Effects on colour discrimination during long term exposure to high altitudes on Mt Everest.
Willmann G., Ivanov IV., Fischer MD., Lahiri S., Pokharel RK., Werner A., Khurana TS.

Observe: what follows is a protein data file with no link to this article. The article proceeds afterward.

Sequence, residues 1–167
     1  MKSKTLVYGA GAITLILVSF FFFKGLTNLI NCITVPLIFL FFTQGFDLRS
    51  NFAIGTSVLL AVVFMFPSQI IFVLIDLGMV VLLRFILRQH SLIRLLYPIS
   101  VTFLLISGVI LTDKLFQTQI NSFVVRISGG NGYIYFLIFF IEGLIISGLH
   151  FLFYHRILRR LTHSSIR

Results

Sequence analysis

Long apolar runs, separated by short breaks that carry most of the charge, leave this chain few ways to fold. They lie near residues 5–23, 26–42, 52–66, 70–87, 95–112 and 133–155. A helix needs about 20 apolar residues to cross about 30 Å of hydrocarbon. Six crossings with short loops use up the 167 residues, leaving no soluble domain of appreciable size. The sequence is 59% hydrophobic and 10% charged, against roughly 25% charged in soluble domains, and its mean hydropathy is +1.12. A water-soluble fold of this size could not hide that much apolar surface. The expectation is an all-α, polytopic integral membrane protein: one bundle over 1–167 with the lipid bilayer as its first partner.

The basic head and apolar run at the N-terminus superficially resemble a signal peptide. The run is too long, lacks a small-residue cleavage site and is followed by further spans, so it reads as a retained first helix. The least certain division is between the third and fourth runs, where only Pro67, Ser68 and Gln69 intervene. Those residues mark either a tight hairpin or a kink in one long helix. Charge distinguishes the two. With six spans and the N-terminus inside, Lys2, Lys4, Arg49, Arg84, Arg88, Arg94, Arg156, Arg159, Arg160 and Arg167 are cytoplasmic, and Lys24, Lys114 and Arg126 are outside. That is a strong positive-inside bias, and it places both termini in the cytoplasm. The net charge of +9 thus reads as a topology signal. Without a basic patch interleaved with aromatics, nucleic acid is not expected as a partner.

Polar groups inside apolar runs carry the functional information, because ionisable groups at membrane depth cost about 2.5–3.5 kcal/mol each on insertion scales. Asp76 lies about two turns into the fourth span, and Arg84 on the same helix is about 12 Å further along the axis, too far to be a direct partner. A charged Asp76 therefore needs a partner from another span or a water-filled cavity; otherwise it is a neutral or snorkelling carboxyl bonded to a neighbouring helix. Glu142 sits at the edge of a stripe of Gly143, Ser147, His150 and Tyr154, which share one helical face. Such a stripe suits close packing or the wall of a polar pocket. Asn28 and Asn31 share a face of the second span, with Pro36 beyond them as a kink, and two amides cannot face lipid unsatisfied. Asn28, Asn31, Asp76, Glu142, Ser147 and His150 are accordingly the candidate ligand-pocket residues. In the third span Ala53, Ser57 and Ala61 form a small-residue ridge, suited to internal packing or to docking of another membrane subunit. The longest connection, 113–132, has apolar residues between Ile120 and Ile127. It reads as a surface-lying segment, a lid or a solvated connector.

AIM: To investigate changes in colour discrimination as a result of chronic hypoxic exposure induced by extreme altitudes (above 8000 m) during an expedition to Mt Everest. METHODS: Colour discrimination thresholds for tritan, protan and deutan axes were measured extensively in two male participants (four eyes) during an expedition to Mt Everest, using a quantitative, computer controlled psychophysical colour vision test (modified version of the Cambridge Colour Test). The tests were carried out over a period of 54 days at altitudes of 1300 m, 3450 m, 4410 m, 5060 m, 5300 m, 6450 m, 7200 m and 8000 m. RESULTS: Colour vision tests 1 week before and 6 months after the expedition indicated normal colour discrimination in both participants. With increasing altitude, colour discrimination thresholds were found to rise, predominantly for the tritan (blue) axes in both observers. Deutan (green) thresholds were minimally elevated at high altitude, whereas protan (red) was altered in one observer. Tritan colour discrimination thresholds decreased as a function of time spent at a given altitude and normalised upon return to low altitude. CONCLUSIONS: Chronic hypoxia induced by high altitude exposure transiently affects colour discrimination, in particular tritan axis discrimination. Decreased tritan discrimination is partly reversible upon physiological adaptation to high altitude and completely normalised upon return to low altitude.